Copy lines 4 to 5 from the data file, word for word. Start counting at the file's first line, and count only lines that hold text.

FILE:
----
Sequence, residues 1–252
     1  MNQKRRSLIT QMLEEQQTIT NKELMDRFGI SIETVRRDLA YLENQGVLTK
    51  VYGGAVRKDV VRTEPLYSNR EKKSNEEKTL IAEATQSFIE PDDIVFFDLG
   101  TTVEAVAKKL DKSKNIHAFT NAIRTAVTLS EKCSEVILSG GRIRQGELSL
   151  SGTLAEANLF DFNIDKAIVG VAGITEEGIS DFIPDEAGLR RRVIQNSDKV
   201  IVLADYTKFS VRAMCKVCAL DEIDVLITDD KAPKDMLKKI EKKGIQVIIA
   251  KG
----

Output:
   101  TTVEAVAKKL DKSKNIHAFT NAIRTAVTLS EKCSEVILSG GRIRQGELSL
   151  SGTLAEANLF DFNIDKAIVG VAGITEEGIS DFIPDEAGLR RRVIQNSDKV